Friday, 30 December 2011

Film Review: Warrior

Struggling physics teacher Brenden (Edgerton), seemingly one of the millions of Americans duped into cheap credit during the housing market bubble, needs dough to prevent the foreclosure of his home. Brother and ex-vet, Tommy (Hardy), needs cash to fulfil a promise to the wife of a dead comrade killed in Iraq. Sharing a common alienation from their father (Nolte), the two burly brothers enter the Sparta MMA tournament offering a $5million prize in yet another Rocky-inspired fight film.

Warrior doesn't do much different from other films of this Rocky-inspired genre; dysfunctional families, training montages, overcoming insurmountable odds, culminating in a grand showdown at the end, but done with the aplomb of very good performances. Warrior is a film of two halves, the first charting the two brother's background and their former-alcoholic father who has left each screwed up in their own individual ways. Tommy continues in the vicious cycle of alcoholism precedented by his father. Brenden on the other hand taking the Batman option of not letting events mould him, vowing never to become that man and subsequently building a reasonably successful life for himself. Indeed, their fight styles reflect the experiences that shaped their personalities. Tommy escaped from the abuse with their mother who later died, now harbouring wrought resentment toward the man he blames for his desolate existence. Brenden however stayed in the hope that he, the 'less favourite son', would get more attention in their absence, which of course was a miscalculation. As such, Tommy is quick and brutal, channelling his rage and obviously with something to prove while Brenden is more controlled, able to take copious punishment and still prevail against the odds.

It is this personal exposition where the film works best, but is unfortunately let down by both plot holes and a sudden shift in tone when big 'Sparta' tournament becomes the central focus in the second half of the film. Everything becomes a little bit tawdry as all the hard work done previously seems to fade into obscurity. The final fight for example gives both brothers some sort of epiphany and unexplained capacity for forgiveness, bizarre given their former vehement attitudes toward their father. Unfortunately these irregularities are frequent. For example, Tommy is alluded to having a drug problem which is never extrapolated upon. Likewise, despite being utterly contemptuous of his old man Tommy agrees to be trained by him who, whilst an atrocious father, still somehow managed to be a wily coach in between all the drinking. Brenden conversely fortuitously benefits from that age old Hollywood convention of taking the place of an injured fighter who was supposed to enter the competition in his steed.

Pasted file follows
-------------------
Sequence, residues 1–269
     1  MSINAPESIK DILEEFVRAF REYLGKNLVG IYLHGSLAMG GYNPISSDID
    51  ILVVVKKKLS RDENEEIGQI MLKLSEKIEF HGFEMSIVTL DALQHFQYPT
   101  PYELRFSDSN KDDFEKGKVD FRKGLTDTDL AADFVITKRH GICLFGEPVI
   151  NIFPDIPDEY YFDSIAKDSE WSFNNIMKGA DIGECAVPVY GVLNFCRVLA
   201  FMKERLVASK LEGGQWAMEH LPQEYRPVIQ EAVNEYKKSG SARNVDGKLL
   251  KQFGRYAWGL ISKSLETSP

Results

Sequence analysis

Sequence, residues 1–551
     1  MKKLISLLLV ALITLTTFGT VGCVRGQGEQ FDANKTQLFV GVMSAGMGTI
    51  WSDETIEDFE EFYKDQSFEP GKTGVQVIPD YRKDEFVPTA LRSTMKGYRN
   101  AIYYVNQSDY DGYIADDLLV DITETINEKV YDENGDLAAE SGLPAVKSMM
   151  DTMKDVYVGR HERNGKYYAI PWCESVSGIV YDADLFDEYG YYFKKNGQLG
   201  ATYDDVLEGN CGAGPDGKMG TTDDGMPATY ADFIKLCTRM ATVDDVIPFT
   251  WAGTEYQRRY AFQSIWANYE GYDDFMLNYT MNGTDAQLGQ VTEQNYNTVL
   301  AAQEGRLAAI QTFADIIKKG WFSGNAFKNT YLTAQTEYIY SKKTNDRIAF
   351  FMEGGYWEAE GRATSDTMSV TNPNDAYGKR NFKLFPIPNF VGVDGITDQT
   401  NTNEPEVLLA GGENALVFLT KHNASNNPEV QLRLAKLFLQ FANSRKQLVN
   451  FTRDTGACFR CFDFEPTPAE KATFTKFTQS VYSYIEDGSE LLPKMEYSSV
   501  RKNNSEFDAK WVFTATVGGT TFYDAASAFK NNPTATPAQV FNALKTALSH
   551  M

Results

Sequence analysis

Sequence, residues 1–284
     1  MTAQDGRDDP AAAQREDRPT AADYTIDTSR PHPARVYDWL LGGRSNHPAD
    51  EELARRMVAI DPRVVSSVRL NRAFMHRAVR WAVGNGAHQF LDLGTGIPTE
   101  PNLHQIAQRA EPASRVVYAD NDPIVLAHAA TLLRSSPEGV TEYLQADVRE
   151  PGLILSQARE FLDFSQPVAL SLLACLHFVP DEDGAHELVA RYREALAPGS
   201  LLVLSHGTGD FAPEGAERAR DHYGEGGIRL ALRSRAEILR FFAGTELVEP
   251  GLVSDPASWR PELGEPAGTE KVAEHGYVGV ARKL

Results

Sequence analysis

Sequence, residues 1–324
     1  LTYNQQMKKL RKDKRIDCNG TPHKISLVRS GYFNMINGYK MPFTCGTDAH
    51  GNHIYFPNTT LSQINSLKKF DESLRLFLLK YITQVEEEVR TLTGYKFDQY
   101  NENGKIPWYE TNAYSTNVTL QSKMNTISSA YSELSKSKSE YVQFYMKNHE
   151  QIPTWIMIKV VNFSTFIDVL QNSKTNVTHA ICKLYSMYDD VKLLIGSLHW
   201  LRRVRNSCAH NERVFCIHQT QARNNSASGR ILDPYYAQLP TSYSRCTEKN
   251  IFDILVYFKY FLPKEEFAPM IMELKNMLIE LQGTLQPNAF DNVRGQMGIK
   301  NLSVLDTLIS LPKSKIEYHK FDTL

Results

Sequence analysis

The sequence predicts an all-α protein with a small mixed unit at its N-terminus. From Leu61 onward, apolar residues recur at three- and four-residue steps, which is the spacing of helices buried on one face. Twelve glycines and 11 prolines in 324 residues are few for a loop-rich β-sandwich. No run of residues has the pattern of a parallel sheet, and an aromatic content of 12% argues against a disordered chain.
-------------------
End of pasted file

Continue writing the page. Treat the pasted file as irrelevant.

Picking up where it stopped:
Still, despite the irritating plot holes performances remain constantly engaging throughout. Edgerton permeates a sympathy given his young family facing foreclosure. He is the 'Rocky' character, the film's underdog with everything on the line. Tommy on the other hand is supreme as a nihilistic miscreant, any soul having long since been smashed into tiny pieces. A man of little words, there is a tangible sense of someone wanting to scream at a world he views as having thrown him to the curb, destroying anyone who crosses his path. And yet, a touching scene in a hotel room with his father shows there is a redeeming feature and that something good remains. Warrior actually so nearly becomes the Hardy show if not for the brilliant Nick Nolte, a man seeking forgiveness from the sons that have forsaken him because of his past indiscretions. Clearly he is guilty of bad things, but his quest for redemption is palpably lamentable. It makes for tragic yet equally arresting viewing.

Warrior is poignant, to a point. While there are shades of complex emotional delineation in the same vain as other films featuring similar mechanics, notably The Fighter, it just falls short K.Oing its own histrionic trope. In many ways its predictable right up until the end fight when the two inevitably meet each other. To its credit, perhaps the outcome is at least initially not so certain, but it all makes sense when the final bell rings. This isn't as fervid as The Fighter, and doesn't exactly do anything new with the sports genre, but it is satisfying enough to put it in the top half of good films this year.